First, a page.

Residential’s Bad, but Commercial Real Estate’s Worse in NYC

Residential’s Bad, but Commercial Real Estate’s Worse in NYC
January 17, 2010

“Yikes! What a year.” That’s how Stuart Elliott, editorI in chief of The Real Deal, a New York City-based monthly real estate news magazine and daily Web site, opened his first Editor’s Note of 2010, reviewing NYC’s 2009 real estate market. Things could have been worse, however, Elliott noted.

For more perspective, we spoke with Elliott about the real estate situation in New York City.

Heartland: What’s worse in New York City, the residential or the commercial market? 

Elliott: The commercial market. There’s a stat out there that says building sales have dropped 92 percent from the previous year. That’s about three or four sales for every 100 you had last year. And as far as prices, there have been so few transactions that it’s hard to tell how far prices have fallen in the commercial market. But generally prices have fallen somewhere in the range of 70 percent.

With office leasing, there’s a lot more vacancies than there were before, and also the rent for office space has dropped something like 30 percent in the last year.

Heartland: With prices so low, isn’t this a good time to buy?

Elliott: It is a good time to buy, but when it’s a down market there’s a lot of fear. People think if prices go down they may just go down even more. Another huge thing right now is the credit market. The ability to borrow money is just really limited. Banks froze up back in mid-2007, and since then there hasn’t been that much availability of money out there to borrow.

Heartland: In March 2009, Fannie Mae began requiring commercial properties be 70 percent sold before Fannie would help with financing. What has this requirement done?

Elliott: It’s definitely destructive to sales, but you could make the counterargument that it might be dangerous to finance those sales anyway. It definitely leaves developers in the lurch.

Here in New York you have condo towers that are having real trouble selling, that are mostly vacant. But it’s definitely worse in other cities such as Miami, Las Vegas, and Detroit.

Heartland: Why has New York City not suffered as badly as those cities?

Elliott: In Miami and Las Vegas you’re seeing a lot more investors buying. In New York there are a lot more people who buy as an end user; they buy the apartment to actually use it, to live in it. I think the more investors you have, the more volatile and unstable a market you have.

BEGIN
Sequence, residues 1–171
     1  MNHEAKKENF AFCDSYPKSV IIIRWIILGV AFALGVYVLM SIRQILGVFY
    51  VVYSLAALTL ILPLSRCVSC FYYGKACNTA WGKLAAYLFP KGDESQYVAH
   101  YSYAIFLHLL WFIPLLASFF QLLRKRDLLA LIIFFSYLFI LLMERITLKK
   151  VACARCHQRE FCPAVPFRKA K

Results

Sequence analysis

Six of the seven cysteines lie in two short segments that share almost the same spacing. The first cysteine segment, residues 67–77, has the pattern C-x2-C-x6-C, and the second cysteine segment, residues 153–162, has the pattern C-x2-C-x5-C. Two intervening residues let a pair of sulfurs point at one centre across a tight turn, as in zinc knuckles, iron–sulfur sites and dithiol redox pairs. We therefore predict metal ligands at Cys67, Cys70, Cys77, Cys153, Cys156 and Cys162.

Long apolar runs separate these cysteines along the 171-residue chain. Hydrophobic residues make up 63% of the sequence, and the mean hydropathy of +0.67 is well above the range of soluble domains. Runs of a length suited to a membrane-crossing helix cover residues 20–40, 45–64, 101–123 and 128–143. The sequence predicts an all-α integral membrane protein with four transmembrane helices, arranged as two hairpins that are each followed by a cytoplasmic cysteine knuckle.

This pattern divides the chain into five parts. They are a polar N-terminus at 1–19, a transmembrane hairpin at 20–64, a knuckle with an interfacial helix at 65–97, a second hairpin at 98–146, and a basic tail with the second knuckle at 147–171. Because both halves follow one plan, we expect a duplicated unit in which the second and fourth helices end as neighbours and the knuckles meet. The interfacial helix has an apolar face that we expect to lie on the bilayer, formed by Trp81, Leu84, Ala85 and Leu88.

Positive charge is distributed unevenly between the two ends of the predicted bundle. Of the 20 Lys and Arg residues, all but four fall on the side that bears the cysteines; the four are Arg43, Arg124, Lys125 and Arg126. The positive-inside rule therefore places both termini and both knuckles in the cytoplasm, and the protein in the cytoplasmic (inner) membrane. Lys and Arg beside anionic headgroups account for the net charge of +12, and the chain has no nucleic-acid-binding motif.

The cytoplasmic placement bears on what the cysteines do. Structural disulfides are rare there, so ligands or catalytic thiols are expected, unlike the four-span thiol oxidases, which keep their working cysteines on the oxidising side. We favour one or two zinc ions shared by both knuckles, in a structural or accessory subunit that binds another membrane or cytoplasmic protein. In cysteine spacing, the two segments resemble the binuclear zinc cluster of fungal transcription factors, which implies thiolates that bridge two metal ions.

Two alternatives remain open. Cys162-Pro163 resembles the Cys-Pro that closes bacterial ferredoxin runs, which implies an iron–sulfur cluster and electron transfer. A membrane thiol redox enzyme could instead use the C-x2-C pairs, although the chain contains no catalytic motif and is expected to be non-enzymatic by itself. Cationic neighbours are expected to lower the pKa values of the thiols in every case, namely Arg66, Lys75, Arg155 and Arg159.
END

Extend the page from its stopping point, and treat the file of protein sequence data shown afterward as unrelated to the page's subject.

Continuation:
If you look at Detroit, the economic base there is terrible with the [problems with the] car companies. Wall Street is the economic driver of New York City. While it’s been hit, it hasn’t been hit as hard as the economic driver in Detroit.

Also, New York doesn’t have the same sort of sprawl as other cities. You look at places like Phoenix that just keep building out and out; you have a massive oversupply of housing. In New York there’s excess housing but not quite at that level.

That definitely insulates the city. There could be more declines coming in New York, however.  

Heartland: To what extent has government policy helped or hurt the situation? 

Elliott: During the Great Depression, government didn’t step in and try to fix things very quickly. This time the federal government has stepped in considerably. You could say that it’s possibly been successful. It’s staved off things for now.

But I think the thing people are worried about is seeing how the federal government is issuing so much money that long term you could have serious problems for the United States. Come 2018, 2019 this could really come back to bite us.

A specific example of harmful government intervention is the Home Valuation Code of Conduct (HVCC). They tried to fix an appraisal law that sort of contributed to the subprime bust, by reforming that whole industry. They actually made things worse.

An example of successful government intervention has been the first-time homebuyers tax credit. That’s helped a lot of first-time buyers come out and make purchases.  

Heartland: What fundamentals have to addressed for the situation to improve?

Elliott: I think unemployment is a fundamental. That would need to get better for the market to improve. It’s hovering around 10 percent in New York. That’s pretty high.

Foreclosures are another big issue. Those are expected to get higher before they get lower.

Companies need to be expanding and leasing more. As the economy gets stronger, companies will get stronger. That’s another fundamental.

Banks loaning money more readily, that’s another fundamental thing. I think the credit markets have to unfreeze for there to be more economic activity and home-buying.

Heartland: What will it take to unfreeze the credit markets?

Elliott: Banks with problem loans where the borrowers are not able to pay have not really been confronting the problem. They call this “extending and pretending,” “delay and pray,” and “kicking the can down the road.”

I think once banks start dealing with these bad loans on their books and sell them off, get a balance sheet that makes sense without all these hidden problems in it, then I think there will be a more solid basis on which to move forward and people will feel more comfortable lending money.

Brien Farley (brien.farley@gmail.com) writes from Genesee, Wisconsin.